That’s more like it! Maybe this index tracking thing has finally run out of road?

Bonds? Don’t talk to me about bonds. Sixty-farty portfolio more like.

Batten down the hatches

I understand the discontentment. Depending on what you invest in and how, your portfolio may have gone nowhere – or worse, down – for a year or more.

Not much in the grand scheme of things. But also not nothing in a 30-year investing window.

My own portfolio got within a couple of a percent of its (short-lived) all-time high as far back as March 2021. More than two years ago. Despite a bounce in the past six months, I can well imagine looking back at returns that tread water for four or five years from that giddy 2021 spring.

I don’t expect it, but it’s possible. Especially given the regime change to higher rates and inflation.

So don’t be dismayed by macho commentators saying they’re not bothered. Their stance is 100% correct – but there’s no need to be pig-headed about it.

Nobody gets into investing without wanting to make money. It’s better to admit that it sucks when investing is boring or worse. Feel the frustration. Then take counter-measures that keep you going, rather than chucking in the towel.

No doubt we all have a famous investor, money blogger, or economic pundit who we’d have walk the (metaphorical) plank to get our portfolios advancing.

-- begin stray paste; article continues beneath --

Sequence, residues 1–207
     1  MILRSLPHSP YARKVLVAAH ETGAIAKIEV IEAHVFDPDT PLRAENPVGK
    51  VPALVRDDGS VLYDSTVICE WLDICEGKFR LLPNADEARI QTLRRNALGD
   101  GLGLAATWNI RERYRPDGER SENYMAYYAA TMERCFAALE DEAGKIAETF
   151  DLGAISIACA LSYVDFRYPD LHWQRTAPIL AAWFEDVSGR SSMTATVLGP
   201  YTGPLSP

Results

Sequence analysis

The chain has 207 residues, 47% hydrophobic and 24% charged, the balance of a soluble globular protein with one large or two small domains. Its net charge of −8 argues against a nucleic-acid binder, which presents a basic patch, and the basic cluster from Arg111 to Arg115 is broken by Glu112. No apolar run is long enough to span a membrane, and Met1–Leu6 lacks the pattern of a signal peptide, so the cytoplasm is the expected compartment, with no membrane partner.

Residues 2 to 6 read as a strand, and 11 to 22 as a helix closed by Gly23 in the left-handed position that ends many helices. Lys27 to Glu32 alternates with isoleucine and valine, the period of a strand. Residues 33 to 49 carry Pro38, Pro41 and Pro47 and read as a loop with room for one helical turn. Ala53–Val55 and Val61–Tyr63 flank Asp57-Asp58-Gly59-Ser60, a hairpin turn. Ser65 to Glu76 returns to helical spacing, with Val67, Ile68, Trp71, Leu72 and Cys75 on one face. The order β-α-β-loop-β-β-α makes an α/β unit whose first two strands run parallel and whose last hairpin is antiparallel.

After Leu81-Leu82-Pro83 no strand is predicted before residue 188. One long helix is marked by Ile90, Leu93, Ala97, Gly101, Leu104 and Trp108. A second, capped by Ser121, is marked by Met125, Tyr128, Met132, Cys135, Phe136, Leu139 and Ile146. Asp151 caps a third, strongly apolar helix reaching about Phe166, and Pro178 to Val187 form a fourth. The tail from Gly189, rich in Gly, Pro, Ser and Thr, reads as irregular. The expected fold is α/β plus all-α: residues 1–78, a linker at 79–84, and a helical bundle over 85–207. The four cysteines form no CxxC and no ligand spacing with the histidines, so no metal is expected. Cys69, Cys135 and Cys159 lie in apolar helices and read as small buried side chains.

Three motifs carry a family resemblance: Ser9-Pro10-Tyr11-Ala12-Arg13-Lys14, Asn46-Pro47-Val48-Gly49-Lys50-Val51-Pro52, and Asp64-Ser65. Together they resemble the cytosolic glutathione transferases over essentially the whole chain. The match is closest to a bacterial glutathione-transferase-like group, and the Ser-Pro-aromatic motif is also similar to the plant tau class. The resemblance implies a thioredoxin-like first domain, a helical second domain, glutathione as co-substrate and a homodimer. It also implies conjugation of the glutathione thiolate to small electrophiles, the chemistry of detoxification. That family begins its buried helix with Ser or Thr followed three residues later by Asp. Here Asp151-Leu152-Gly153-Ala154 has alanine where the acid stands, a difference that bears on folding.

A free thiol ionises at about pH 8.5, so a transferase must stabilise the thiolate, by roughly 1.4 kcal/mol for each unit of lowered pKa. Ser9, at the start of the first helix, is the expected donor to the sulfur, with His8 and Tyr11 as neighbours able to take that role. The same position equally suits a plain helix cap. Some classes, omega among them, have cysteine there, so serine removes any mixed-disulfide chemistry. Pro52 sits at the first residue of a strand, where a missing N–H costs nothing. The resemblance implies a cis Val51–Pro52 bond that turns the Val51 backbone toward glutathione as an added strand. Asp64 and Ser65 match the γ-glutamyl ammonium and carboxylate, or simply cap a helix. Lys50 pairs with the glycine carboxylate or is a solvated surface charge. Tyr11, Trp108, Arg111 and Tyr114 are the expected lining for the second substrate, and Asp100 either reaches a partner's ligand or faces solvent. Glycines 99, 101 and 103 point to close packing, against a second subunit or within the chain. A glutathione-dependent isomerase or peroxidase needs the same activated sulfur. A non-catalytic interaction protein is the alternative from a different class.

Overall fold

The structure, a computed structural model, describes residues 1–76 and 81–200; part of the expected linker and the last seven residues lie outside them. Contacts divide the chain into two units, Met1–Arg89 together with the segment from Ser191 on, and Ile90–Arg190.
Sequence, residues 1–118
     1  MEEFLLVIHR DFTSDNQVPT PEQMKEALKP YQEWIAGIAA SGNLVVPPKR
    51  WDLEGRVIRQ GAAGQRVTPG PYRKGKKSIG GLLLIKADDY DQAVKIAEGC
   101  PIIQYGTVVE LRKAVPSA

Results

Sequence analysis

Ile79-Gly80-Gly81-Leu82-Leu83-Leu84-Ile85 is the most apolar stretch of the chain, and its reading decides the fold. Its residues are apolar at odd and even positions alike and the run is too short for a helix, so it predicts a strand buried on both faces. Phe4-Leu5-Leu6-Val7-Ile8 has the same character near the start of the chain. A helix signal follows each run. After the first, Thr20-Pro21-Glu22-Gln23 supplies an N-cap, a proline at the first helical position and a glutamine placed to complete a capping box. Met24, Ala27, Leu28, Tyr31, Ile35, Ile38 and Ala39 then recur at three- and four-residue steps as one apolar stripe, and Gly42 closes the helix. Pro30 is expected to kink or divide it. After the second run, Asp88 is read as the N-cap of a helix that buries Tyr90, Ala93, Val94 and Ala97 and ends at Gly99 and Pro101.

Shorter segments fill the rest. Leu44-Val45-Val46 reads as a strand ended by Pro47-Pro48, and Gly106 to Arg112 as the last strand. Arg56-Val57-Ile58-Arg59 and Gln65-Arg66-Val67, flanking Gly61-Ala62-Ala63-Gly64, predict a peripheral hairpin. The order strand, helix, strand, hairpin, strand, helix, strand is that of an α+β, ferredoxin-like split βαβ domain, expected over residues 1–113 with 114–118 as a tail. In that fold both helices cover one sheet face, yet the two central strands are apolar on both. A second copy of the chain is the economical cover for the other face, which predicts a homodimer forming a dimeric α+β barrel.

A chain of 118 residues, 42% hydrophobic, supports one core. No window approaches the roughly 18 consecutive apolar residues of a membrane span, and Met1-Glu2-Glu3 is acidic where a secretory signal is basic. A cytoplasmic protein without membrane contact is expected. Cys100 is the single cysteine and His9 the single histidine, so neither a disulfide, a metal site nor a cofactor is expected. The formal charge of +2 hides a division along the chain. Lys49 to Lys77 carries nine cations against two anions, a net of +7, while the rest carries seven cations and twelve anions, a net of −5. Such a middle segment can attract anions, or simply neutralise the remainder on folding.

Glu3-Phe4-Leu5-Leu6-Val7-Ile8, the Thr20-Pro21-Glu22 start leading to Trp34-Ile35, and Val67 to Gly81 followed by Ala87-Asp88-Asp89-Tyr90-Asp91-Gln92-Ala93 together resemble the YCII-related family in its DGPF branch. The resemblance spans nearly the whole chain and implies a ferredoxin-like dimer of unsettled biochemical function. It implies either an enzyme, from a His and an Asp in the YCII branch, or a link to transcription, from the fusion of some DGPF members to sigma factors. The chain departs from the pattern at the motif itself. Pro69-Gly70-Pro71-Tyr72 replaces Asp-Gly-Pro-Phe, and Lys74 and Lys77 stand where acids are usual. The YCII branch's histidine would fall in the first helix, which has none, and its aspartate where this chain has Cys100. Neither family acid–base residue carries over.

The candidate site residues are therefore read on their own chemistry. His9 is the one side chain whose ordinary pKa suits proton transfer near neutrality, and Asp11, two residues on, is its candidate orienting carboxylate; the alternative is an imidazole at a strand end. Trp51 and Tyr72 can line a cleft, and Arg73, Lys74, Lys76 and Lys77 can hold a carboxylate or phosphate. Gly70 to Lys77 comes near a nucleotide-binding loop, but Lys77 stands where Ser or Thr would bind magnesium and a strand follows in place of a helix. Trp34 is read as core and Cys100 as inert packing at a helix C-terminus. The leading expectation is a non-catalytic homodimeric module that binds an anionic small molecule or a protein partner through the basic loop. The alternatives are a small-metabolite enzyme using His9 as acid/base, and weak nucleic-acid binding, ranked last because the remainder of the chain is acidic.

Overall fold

But enough about Nouriel Roubini. What are some practical approaches you can take when you’re mired in a similar going-nowhere market?

Let’s consider a few things that might help, depending on whether you’re a passive investor or a naughty active sort. Followed by some general pointers for all of us.

Passive investing isn’t meant to be exciting…

…but it can be even more challenging when it’s dull as dishwater.

If you have a simple portfolio – a LifeStrategy fund, say, or a two-fund equity/bond split – then checking in when markets are drifting for years can make you feel like a hamster on a wheel.

You’re working hard. You’re stashing away your savings. You see very little to show for it.

You can’t force the market higher. But here are some things you could do.

Look at long-term charts. Remind yourself indices can remain underwater for years. A long trough is not unusual. Doing this won’t help your lousy returns, but you’ll take them less personally.